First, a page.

Herrin also gives us something no audience has seen before, the perspective of the dumb waiter itself, placing a camera lens in the opening that allows us to see Gus in close-up as he receives the mysterious catering orders from upstairs at a time when, by necessity, he has his back to the audience. It’s a shrewd move to give the live audience both experiences at the same time and of notable value for the digital audience to know they are receiving (albeit momentarily) content that can only be seen if you’re watching through a screen. That the experience of the Zoom audience is just as carefully planned and is by no means a secondary or lesser option is essential to the success of hybrid theatre endeavours as well as a positive sign for future co-productions in this venue.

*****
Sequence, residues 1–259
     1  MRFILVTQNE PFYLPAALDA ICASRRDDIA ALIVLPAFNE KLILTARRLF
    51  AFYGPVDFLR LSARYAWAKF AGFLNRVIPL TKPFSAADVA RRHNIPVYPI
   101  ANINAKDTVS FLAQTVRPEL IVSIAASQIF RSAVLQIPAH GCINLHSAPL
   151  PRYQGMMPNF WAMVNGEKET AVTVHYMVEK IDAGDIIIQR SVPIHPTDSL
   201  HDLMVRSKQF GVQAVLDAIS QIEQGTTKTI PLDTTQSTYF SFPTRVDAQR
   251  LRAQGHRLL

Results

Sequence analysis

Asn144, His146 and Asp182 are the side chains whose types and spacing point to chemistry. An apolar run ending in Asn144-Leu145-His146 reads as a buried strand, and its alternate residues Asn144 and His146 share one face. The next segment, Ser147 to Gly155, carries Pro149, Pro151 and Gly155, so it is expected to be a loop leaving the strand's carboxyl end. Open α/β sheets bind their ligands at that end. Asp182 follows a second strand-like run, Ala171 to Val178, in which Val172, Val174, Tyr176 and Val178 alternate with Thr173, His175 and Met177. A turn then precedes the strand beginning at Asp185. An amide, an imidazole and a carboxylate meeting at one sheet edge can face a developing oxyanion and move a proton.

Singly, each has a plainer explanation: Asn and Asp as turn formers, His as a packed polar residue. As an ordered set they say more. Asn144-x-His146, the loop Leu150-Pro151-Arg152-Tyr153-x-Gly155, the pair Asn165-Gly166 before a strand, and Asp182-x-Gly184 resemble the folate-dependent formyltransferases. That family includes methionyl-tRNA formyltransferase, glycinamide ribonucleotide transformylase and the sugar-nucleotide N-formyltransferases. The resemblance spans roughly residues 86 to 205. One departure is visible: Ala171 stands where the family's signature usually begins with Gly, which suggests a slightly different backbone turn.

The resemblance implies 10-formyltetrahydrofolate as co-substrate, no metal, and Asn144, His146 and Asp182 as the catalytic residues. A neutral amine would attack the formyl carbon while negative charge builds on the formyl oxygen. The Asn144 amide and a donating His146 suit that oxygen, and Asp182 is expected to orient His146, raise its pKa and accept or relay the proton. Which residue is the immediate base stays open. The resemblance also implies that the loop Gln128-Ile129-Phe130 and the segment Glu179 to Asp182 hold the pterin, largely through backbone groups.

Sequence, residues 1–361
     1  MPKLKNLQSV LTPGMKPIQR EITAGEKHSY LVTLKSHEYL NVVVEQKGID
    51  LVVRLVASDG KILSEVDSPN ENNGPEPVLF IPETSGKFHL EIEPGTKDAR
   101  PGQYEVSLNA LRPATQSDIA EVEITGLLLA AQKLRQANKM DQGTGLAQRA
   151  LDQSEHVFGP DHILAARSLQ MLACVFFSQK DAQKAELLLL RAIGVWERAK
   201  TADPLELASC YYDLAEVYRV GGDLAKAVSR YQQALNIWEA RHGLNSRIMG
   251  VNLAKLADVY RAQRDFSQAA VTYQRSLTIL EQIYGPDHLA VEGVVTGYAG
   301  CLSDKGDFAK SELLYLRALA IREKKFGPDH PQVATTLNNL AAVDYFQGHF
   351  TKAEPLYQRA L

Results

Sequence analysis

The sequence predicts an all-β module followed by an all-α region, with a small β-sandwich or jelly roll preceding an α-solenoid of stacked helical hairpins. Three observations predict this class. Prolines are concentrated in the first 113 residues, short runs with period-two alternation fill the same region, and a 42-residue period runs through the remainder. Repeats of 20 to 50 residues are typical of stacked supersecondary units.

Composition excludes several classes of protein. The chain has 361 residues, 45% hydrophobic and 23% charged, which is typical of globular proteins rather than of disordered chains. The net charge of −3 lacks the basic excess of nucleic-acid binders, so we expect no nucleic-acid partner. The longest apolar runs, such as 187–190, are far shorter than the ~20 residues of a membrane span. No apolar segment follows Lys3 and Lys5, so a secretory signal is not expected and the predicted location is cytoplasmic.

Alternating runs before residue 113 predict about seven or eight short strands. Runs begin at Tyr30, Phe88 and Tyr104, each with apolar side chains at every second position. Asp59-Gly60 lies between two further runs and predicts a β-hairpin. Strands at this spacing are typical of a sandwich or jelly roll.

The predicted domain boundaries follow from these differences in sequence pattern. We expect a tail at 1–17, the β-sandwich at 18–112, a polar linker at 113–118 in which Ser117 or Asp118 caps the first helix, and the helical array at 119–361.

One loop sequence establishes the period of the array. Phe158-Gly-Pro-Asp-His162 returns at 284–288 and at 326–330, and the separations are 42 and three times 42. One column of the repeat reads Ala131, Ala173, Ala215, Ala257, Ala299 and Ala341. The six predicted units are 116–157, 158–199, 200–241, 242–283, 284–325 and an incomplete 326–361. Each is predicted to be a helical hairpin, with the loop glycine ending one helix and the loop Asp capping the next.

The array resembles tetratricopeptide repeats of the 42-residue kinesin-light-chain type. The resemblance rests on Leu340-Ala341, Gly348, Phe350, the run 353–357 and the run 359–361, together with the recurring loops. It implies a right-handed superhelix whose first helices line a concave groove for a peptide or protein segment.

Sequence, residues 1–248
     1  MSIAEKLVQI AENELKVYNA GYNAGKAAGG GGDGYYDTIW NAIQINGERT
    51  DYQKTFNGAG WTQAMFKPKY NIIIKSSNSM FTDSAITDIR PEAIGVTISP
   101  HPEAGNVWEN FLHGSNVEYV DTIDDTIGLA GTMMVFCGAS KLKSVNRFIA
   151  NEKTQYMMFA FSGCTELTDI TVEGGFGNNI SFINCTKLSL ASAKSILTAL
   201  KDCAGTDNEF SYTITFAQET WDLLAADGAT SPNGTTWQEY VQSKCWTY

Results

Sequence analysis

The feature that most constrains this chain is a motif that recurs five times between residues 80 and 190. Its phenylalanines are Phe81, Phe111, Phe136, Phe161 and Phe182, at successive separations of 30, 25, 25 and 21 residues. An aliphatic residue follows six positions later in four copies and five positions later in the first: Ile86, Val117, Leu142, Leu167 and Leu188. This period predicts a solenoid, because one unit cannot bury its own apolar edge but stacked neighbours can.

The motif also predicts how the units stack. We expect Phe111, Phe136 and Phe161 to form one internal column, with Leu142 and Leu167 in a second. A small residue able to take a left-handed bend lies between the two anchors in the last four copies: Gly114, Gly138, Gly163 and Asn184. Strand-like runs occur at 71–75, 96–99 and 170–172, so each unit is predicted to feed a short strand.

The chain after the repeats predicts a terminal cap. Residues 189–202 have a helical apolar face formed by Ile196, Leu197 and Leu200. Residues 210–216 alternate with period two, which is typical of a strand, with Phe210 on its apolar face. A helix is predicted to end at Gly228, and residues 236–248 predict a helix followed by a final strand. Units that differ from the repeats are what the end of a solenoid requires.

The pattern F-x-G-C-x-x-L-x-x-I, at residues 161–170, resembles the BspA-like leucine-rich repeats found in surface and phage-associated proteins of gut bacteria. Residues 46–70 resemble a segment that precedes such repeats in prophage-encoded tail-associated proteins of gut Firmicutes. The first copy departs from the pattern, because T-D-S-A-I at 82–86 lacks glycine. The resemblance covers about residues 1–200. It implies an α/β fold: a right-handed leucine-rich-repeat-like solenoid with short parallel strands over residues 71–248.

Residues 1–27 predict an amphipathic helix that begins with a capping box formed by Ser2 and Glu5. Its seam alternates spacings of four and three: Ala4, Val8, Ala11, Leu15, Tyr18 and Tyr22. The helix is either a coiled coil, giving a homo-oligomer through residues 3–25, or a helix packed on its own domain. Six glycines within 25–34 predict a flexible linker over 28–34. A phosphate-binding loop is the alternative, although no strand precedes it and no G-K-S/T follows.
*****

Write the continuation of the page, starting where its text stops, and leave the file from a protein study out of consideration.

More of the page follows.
Staging the Play
Returning to the Old Vic is a meaningful experience and like many venues its reopening is worth celebrating. For our still uncertain times, The Dumb Waiter is a good choice; practically, it only requires two actors for a brief 50-minute running time while the story about being trapped in the same room for too long, waiting for something to happen while all kinds of unnerving things occur outside feels ever-timely. And while designer Hyemi Shin creates the necessary hinterland feel with accents that speak to the original period setting, right down to the Ben’s newspaper headlines, Pinter’s play is somehow timeless.